There are specific calculations involved in determining what the price needs to be for you to make a profit! It’s easy to overlook costs that should be included and get that number wrong, which can leave you actually losing money on every transaction! It’s also easy to be overly optimistic about how much time goes into each project. So, take the time to think through EVERYTHING that needs to be included in that calculation.
This could be a business coach, a partner who has the strengths and skills that ‘fill in the gaps’ of your weaknesses and can step in if you have an emergency of some kind, a virtual assistant who will deal with the dreaded details, employees who assist in production, a bookkeeper, or marketing person. You get the idea. Figure out what specific people will ‘round out’ your skill set and keep things running smoothly… and bring them on board!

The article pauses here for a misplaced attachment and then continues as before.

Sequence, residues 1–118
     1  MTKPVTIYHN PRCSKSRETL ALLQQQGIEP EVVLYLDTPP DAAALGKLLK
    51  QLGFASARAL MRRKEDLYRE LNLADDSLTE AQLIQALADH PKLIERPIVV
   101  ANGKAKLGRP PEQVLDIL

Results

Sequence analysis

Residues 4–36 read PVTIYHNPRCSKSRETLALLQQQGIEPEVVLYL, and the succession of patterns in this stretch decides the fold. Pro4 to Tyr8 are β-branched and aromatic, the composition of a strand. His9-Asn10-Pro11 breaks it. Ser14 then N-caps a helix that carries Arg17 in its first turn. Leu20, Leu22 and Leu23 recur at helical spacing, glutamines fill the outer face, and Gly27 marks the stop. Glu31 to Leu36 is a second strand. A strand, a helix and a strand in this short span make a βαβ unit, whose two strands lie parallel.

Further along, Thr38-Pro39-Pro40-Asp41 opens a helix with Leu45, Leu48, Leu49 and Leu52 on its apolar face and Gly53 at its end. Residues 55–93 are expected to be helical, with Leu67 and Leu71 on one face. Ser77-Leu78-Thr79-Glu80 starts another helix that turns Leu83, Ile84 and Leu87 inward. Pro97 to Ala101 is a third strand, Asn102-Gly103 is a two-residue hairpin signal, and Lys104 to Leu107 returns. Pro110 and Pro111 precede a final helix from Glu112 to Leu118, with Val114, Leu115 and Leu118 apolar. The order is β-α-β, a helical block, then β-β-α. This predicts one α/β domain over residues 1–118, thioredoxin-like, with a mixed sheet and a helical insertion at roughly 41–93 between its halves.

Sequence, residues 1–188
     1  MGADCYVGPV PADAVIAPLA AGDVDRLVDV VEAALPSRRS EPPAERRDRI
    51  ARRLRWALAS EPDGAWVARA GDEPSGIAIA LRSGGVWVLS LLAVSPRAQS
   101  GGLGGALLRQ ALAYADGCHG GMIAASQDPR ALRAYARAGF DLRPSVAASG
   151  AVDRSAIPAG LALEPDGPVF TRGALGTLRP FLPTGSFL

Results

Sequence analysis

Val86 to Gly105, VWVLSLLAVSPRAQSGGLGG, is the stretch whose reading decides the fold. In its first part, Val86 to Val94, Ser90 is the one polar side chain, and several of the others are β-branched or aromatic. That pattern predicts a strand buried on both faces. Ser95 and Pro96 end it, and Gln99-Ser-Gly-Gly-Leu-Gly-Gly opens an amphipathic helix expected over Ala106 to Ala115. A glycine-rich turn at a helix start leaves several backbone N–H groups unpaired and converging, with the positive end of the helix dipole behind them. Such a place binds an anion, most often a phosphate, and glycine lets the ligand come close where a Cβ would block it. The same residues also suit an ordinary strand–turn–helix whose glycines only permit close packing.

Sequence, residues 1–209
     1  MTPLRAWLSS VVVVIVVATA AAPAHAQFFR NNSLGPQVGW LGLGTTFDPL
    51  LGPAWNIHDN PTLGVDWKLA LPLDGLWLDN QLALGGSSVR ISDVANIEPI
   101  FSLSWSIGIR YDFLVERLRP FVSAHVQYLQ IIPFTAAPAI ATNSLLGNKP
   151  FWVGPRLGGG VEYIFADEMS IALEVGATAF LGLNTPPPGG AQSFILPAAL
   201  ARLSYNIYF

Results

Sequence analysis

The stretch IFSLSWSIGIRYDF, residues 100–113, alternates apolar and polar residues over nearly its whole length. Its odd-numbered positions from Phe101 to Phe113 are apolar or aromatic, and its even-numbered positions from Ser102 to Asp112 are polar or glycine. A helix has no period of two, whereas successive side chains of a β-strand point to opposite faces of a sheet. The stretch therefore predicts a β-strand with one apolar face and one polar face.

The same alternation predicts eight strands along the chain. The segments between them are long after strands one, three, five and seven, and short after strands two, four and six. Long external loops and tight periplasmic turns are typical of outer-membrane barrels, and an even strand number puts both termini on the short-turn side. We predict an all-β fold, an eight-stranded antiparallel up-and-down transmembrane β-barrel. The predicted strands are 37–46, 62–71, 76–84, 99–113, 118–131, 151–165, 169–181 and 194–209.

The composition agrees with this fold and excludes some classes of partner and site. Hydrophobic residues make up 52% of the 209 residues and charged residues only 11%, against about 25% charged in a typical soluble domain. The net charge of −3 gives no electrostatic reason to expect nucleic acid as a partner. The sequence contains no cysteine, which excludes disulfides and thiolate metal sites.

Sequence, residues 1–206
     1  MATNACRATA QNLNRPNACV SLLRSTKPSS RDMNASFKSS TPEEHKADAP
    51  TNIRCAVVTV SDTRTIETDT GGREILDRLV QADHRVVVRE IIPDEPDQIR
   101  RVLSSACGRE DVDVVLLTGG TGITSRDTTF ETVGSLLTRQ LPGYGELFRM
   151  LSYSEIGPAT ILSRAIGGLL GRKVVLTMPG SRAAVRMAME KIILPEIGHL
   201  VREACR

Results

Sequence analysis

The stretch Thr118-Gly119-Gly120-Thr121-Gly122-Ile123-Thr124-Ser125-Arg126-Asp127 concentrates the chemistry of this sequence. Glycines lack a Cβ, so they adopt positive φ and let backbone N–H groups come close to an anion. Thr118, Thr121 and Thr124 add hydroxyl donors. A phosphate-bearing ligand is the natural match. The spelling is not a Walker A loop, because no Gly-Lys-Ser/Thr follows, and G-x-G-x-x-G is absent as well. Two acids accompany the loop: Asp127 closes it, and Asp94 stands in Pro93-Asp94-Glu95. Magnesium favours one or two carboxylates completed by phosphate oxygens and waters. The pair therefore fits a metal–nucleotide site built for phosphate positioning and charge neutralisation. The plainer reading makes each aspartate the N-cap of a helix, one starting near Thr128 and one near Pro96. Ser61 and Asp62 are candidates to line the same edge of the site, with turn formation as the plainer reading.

Identifying your strengths and weaknesses
We all have strengths and weaknesses, but awareness is key. Figure out what yours are and embrace them – the good and the bad! If you don’t, how can you make your business as strong as it can be? Business survival depends on maximizing the strengths and having a plan to compensate for the weaknesses. This goes back to putting the right support in place too. If you don’t consider yourself an organized/detail person, all those administrative tasks can overwhelm you. Usually, that means owners avoid doing them, which isn’t good!
Get a system and a plan for money management